DC pensions issues being overlooked as trustees focus on sorting out DB
by Dr. Ros Altmann
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The UK pensions landscape is currently undergoing a seismic shift. Employer provision is moving from traditional defined benefit (DB) schemes to defined contribution (DC) arrangements. Most DB plans are closed to new members and will probably soon close to new accruals. The striking things is, however, that although future company pensions will be DC, most of the new thinking and time devoted to pension issues is addressing the old DB problems, rather than ensuring new DC schemes work well.
There is a worrying ‘governance gap’ here. After all, every type of pension fund surely has the same ultimate aim – delivering good pensions to members. DB trustees are realising the need for liability-focussed investment approaches, to meet expected long-term pension payments, however, there is little sign of this in the DC environment, even in trust-based schemes. A recent Hewitt survey showed most DC schemes have no business plan, around 40% do not evaluate their effectiveness at all and only 20% use formal measurement approaches. There is also little evidence of any proper governance framework for DC investment decisions.
The Pensions Act 2004 imposed new burdens on employers and trustees. However, recent radical thinking on modernising investment approaches and controlling downside risks, is occurring in DB schemes, while the implications for DC have not been carefully considered. This may be because DB deficit problems are potentially life-threatening to employers, most assets are in DB, or the risk of inadequate DC pensions falls on members, rather than employers, so perhaps DC trustees feel less urgency. However, none of these are acceptable reasons and one is left questioning whether DC trustees have fully recognised their new legal responsibilities. Indeed, even DB scheme trustees probably need to address such issues for any AVC arrangements they have in place.
So what areas must DC governance address? The ultimate value of DC pensions depends critically on several factors. Apart from the annuity rates at retirement (trustees must focus more on ensuring members have access to the most appropriate annuity options or advice for their circumstances) the level of contributions is obviously a key factor. ONS figures show average DB contributions in 2004 were 18.8% of salary (employers 14.5%, employees 4.3%), compared with just 8.9% (6% employers, 2.9% employees) for DC. Are trustees helping members understand the implications of this, or providing assistance in planning appropriate contribution levels for delivering desired future pensions?
Charges are important too. Administration charges should be minimised, but investment management costs are increasingly important. With-profits and managed fund fees have been creeping up, which will damage future returns. For example, paying 1.5% rather than 0.5% per annum, could reduce the value of a £49,000 fund over 30 years by £82,000.
Naturally, investment options offered are particularly critical. Myners focussed on the suitability of investment funds as a key issue, which is still not receiving enough attention. Liability-driven investing, inflation-hedging, moving away from over-reliance on long-only equities, considering alternative assets, absolute return approaches and downside risk control are becoming common in DB, but are not feeding into the DC area. Both DB and DC arrangements are trying to deliver pensions, just in different ways. Both must cope with inflation, duration and longevity risks, to be able to deliver good pensions in the long-term. Both need reliable sources of return and risk control. If traditional investment approaches need altering for DB schemes, does this not also apply to schemes where employees bear the pension risks? However, most DC investments still follow the traditional DB approach – relying heavily on equities – without making use of new techniques and broader diversification.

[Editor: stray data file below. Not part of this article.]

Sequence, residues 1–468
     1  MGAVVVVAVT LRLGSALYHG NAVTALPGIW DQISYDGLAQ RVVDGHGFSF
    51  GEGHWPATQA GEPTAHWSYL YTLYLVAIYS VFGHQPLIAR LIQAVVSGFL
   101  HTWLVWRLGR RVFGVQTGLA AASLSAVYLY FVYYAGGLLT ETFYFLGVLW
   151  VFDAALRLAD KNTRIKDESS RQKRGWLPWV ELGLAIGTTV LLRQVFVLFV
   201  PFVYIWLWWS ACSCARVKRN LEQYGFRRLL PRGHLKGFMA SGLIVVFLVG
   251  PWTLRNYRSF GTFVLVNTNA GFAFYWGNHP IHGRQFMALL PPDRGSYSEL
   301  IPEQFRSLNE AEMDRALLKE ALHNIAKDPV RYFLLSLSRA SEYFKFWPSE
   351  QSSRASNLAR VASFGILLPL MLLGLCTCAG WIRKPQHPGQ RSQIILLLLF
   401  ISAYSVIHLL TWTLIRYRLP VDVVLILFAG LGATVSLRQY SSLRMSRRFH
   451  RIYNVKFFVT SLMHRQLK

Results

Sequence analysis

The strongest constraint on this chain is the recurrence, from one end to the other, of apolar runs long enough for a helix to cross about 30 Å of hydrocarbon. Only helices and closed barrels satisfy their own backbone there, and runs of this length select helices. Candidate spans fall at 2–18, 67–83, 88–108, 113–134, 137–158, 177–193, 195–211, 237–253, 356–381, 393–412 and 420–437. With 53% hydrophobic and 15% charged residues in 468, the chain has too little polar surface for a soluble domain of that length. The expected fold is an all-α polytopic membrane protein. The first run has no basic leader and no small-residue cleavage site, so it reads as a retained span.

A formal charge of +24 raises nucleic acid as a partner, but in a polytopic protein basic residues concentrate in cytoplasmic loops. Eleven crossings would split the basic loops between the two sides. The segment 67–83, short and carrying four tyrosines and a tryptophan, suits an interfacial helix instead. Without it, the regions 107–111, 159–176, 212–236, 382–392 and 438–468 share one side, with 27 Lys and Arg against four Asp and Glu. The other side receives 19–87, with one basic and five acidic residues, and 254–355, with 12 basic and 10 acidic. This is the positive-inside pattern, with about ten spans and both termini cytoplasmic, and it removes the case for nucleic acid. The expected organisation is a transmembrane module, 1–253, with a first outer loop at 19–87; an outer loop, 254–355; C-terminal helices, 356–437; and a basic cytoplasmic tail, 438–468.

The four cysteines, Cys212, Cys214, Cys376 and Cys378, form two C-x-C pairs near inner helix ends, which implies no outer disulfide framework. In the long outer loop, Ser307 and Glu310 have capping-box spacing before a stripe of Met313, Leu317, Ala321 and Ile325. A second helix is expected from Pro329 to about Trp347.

Although many DC schemes are now offering more investment choice, using fund-of-funds and external managers, their default options – selected by around 90% of members – are still quite unsophisticated. ‘Lifestyle’, unit-linked managed, balanced funds or perhaps with-profits are the norm. These cannot be suitable for all members. More targeted default options could be developed, catering for people with differing circumstances, differing risk preferences, and particularly funds offering inflation- and capital-protection. Investors unfamiliar with investment markets usually prefer capital appreciation or preservation, to outperforming index benchmarks. Balanced funds still lose money in a bear market and members need to understand this, or be given the chance to protect themselves.
In summary, there is a worrying lack of focus on DC governance. Trustees must recognise their new responsibilities with DC arrangements, not just DB, covering investment options and member education. Members need help with financial planning, to assess sensible contribution levels for achieving a desired pension. Trustees and members must also understand the impact of forthcoming A-day changes. Even if companies are moving from trust-based, to contract-based arrangements (such as stakeholder or Group Personal Pensions) there are still important investment and education issues to be addressed, to help DC schemes deliver decent pensions in future.